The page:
Husband-and-wife thespians Maria and Joseph Tura (Lombard and Benny) are minor stage celebrities in their native Warsaw, where they've been rehearsing an anti-Nazi play in addition to nightly performances of "Hamlet." Then Hitler invades, and the house lights go dark. But when an ardent fan of Maria's, Polish fighter pilot Stanislav Sobinski (Stack), secretly returns from the Allied side in England, he sets in motion some juicy off-stage intrigue, whereby the Turas and their troupe must outwit a Gestapo spy with plans to crush the Resistance.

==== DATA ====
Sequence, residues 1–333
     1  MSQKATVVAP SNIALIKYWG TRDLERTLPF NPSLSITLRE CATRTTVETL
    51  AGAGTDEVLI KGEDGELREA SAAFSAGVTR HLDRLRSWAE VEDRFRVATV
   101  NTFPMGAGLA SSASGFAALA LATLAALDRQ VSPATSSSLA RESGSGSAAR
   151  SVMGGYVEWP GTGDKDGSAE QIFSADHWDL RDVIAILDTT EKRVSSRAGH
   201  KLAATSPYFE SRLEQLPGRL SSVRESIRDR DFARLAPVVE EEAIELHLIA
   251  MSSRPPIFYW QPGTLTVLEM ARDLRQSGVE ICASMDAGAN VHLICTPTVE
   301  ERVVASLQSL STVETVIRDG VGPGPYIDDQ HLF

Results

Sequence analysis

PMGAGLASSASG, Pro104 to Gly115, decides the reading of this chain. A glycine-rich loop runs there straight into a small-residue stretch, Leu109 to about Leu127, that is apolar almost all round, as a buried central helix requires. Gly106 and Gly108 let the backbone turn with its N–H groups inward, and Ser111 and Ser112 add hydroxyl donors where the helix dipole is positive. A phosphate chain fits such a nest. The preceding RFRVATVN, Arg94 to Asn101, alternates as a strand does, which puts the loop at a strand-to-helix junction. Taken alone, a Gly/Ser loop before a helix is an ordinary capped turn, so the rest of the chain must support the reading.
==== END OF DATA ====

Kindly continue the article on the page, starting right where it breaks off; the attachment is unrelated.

Criticized for satirizing the raging war in Europe on its release in 1942, Lubitsch's clever, spirited, often side-splitting farce doubled as a tribute both to the Polish resistance and, quite ingeniously, to the mighty art of play-acting. Benny, in his best-remembered film role, is terrifically funny as "that great, great actor" Joseph Tura, especially playing opposite Sig Rumann (as a Nazi colonel), and a young Robert Stack, the love-struck lieutenant whose cue to tryst with Maria is the first line of Hamlet's soliloquy. Tragically, this marked Carole Lombard's final screen appearance (she was killed in a plane crash flying home from selling war bonds later that same year). This gifted comedienne gives a grand farewell performance under Lubitsch's inspired direction.